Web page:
Our examination of the three classes of truths which are taken to be insulated from the world, therefore, has brought us to this conclusion: all a priori truths (justifiable independently of experi-ence) are necessary truths (their denials are contradictory), which in turn are restricted to analytic truths (true in virtue of meaning relations and logical laws).  The popular perspective is that there are no synthetic a priori (necessary) truths. And this is to say that the only statements which must be true—and thereby immune from revision—are analytic statements.  Only analytic truths escape the epistemic dangers of experience as a path to the truth, or to put it another way, the only infallible truths are analytic truths.  Thus you can gain certainty only be sacrificing the synthetic character of your statements; infallible truths tell us nothing significant about the world and do not extend our genuine information about any extramental state of affairs.  The price of revisionary immunity, the philosophic salesman says, is total surrender of the informational importance of your statements.  The analy-tic/synthetic distinction is crucial to this claim.


2. A Popular Philosophical Prejudice and its Consequences

A sharp distinction between analytic state-ments (whose truth-value can be determined by an analysis of the statement itself) and synthetic statements (whose truth-value must be determined extralinguistically, through empirical confirmation) has been advanced in the twentieth century by many philosophers and their schools (not excluding some evangelical apologists)—most conspicuously by linguistic conventionalists and positivistic reductionists.  That the a priori truths are coextensive with the analytic truths has gained widespread agreement and has almost attained the status of a popular platitude; it is unwittingly imbibed and authoritatively pontificated by students and professors of philosophy, amateur and professional.

A priori truths, being independent of any particular experience, are not thought to be absolute in character but rather a matter of linguistic convention (about how we choose to speak of the world), from which we derive the necessity of such statements.  The truth of an a priori statement derives solely from language; when the language is known, the truth of the a priori statement is simultaneously known.  Thus a priori truths (distinguished from a posteriori truths in terms of the way of knowing) are known independently of experience because they are analytic (distinguished from synthetic truths in terms of the grounds for determining truth).  Like Kant, it is held that the fixed order we associate with the world is not independent of the thinker (or today, speaker), but unlike Kant, there are no synthetic a priori truths.  The other side of this modern coin is the insistence that all meaningful assertions which are not analytically vacuous of information about the extramental (extralinguistic) world must be verified, if at all, empirically. Anything that is to count as evidence for a statement—the possibility of there being such evidence constitutes the statement as synthetic in character—must be a matter of observation or sense experience.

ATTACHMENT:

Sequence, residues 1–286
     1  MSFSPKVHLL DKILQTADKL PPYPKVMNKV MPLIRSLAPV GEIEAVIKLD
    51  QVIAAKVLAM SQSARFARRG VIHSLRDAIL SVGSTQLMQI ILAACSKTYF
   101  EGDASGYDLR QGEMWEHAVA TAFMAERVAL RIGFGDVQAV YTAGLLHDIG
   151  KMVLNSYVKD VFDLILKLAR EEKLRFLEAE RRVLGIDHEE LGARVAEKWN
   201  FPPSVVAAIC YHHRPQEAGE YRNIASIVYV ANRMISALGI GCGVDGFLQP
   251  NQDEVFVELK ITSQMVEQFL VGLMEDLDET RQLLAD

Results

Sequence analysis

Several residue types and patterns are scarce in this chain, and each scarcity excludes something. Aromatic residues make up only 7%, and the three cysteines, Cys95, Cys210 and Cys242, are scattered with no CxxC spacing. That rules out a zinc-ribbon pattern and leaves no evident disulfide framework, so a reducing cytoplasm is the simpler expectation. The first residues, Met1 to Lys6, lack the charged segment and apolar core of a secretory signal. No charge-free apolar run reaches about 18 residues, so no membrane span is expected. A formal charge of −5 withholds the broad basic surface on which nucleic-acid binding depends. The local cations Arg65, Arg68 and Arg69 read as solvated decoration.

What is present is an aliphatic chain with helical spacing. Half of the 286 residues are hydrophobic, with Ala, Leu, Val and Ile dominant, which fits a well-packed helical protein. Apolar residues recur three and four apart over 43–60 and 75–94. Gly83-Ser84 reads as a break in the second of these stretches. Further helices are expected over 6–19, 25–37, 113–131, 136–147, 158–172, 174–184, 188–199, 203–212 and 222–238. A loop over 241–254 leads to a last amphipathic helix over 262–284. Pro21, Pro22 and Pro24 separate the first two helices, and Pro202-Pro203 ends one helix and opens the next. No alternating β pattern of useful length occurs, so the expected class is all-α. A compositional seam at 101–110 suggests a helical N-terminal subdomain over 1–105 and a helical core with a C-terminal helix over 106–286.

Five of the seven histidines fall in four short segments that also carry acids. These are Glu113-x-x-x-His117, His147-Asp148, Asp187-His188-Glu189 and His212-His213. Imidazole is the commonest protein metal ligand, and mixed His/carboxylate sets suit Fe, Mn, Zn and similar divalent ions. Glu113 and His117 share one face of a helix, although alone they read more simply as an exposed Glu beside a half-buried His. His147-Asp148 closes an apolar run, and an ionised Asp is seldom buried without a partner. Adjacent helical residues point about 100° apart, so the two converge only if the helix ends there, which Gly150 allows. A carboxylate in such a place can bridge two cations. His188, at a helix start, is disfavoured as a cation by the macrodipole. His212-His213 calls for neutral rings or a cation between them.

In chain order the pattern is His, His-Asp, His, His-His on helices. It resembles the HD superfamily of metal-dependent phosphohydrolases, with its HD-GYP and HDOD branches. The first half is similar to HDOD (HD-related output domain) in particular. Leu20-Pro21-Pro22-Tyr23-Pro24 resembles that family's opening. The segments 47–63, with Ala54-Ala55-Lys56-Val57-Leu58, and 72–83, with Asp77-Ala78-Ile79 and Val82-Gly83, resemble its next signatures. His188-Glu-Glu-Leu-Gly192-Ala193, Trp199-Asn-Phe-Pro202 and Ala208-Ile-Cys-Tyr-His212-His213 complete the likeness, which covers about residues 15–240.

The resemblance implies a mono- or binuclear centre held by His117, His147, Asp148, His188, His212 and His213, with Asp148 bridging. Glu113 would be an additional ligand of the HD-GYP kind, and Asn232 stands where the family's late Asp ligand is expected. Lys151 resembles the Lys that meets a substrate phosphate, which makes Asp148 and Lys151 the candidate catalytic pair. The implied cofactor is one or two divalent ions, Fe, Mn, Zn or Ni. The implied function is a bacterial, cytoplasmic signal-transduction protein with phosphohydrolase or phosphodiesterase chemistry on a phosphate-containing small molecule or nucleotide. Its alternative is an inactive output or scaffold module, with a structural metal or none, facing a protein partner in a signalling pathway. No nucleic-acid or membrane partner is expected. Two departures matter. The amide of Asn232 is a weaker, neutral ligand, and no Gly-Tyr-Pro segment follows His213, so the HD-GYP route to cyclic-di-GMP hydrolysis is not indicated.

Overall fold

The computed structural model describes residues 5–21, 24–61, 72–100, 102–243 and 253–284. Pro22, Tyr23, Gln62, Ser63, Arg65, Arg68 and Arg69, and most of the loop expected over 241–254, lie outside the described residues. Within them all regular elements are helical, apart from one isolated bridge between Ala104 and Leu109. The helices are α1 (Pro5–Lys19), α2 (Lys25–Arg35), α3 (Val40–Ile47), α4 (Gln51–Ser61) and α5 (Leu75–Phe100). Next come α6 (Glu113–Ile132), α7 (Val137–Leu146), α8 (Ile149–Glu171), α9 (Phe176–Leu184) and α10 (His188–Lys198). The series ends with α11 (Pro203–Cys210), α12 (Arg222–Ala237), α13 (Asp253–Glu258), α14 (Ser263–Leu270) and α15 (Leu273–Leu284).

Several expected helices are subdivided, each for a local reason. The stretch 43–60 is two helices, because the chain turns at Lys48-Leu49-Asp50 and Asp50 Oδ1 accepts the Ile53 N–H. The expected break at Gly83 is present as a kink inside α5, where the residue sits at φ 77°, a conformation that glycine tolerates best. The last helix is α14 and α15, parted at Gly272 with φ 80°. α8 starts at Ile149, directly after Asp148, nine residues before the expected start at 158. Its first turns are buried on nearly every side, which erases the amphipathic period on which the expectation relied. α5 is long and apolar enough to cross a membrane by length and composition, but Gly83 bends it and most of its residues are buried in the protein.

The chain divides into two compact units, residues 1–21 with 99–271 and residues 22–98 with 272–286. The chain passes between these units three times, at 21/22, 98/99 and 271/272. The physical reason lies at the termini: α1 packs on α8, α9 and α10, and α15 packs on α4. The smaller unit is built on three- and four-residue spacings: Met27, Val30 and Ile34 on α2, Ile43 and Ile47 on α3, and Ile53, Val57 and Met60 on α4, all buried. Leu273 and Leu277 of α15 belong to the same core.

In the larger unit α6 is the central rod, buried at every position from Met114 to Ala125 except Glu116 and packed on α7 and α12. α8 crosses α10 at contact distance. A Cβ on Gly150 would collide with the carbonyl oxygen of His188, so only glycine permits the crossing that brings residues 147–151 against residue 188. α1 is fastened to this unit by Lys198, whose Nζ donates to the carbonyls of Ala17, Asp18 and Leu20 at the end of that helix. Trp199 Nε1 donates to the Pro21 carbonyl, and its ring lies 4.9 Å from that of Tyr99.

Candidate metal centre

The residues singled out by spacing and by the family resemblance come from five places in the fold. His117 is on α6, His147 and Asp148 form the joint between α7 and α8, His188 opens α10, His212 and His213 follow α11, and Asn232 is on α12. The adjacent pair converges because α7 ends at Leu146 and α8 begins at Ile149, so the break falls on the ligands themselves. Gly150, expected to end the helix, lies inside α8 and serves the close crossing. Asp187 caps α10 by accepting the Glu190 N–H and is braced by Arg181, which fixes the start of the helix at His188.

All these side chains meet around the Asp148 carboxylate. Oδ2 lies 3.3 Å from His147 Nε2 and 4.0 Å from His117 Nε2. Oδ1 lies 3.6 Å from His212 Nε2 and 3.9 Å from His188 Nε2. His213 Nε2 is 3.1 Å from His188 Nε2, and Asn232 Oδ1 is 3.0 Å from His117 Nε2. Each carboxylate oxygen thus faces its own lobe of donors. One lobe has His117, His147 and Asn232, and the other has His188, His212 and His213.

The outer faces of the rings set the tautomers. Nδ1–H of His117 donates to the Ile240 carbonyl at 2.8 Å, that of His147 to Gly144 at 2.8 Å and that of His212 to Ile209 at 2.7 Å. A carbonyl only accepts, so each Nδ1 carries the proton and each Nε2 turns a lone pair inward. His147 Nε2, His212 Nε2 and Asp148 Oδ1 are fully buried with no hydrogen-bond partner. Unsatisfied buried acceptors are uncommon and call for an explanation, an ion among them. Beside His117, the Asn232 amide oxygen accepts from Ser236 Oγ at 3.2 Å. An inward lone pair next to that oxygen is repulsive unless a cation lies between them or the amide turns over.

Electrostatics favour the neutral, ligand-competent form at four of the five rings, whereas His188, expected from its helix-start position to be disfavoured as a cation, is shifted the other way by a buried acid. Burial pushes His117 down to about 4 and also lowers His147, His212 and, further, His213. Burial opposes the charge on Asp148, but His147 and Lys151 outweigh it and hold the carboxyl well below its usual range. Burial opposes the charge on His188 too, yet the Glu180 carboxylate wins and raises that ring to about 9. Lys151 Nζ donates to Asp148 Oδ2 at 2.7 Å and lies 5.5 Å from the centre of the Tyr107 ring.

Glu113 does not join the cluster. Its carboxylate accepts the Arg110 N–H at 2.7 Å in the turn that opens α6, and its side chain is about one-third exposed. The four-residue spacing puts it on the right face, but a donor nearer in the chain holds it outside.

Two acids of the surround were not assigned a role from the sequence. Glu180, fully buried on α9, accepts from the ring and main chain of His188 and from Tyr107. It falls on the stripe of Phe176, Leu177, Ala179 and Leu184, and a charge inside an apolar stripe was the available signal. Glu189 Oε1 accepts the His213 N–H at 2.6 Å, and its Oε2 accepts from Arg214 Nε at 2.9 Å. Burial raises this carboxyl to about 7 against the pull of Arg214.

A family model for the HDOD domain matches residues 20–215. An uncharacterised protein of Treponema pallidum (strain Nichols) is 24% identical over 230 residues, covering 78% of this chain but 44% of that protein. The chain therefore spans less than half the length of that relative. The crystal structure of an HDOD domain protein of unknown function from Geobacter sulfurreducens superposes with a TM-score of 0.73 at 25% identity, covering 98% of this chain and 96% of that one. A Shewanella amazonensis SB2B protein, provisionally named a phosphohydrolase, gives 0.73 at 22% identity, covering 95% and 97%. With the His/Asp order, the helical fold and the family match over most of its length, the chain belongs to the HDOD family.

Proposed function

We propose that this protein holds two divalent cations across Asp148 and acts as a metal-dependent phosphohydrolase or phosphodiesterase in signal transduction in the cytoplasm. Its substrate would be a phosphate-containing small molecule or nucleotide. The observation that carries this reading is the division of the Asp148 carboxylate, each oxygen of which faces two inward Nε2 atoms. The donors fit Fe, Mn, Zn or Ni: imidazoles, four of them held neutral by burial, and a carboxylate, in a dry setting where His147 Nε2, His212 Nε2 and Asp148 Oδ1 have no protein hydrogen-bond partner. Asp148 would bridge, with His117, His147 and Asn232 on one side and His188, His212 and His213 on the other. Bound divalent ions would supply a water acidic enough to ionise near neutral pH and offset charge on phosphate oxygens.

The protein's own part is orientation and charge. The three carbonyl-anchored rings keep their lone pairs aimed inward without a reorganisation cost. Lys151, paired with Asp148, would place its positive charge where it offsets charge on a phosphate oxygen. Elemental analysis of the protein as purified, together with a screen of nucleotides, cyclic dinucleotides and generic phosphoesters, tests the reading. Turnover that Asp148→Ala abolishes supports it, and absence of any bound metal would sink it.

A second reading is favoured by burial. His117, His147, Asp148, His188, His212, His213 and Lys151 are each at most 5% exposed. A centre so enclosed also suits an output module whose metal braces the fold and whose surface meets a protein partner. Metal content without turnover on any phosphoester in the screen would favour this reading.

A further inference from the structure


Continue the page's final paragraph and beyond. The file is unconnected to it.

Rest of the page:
A rather straightforward declaration of the modern prejudice is found in chapter III of An Analysis of Knowledge and Valuation (Illinois: Open Court, 1946) by C.I. Lewis:

Every statement we know to be true is so known either by reason of experience or by reason of what the statement itself means. There are no other sources of knowledge than on the one hand data of sense and on the other hand our own intended meanings. Empirical knowledge constitutes the one class; all that is knowable independently of sense experience—the a priori and the analytic—constitutes the other, and is determinable as true by reference to our meanings.

Traditionally a statement which can be certified by reference exclusively to defined or definable meanings is called analytic; what is non-analytic being called synthetic. And traditionally that knowledge whose correctness can be assured without reference to any particular experience of sense is called a priori; that which requires to be determined by sense experience being called a posteriori. . . . The thesis here put forward, that the a priori and the analytic coincide, has come to be a matter of fairly wide agreement. . . . There are no synthetic statements which can be known true a priori. . . . Apart from what is thus logically necessary, we know facts of existence only by experience and through induction.

Holding to the analytic/synthetic distinction in the manner described above is not a neutral or impartial conviction with which all philosophical positions need to agree.  Indeed, it commits one to an extensive, substantive, philosophical position in its own right—an outlook and method which have notable consequences.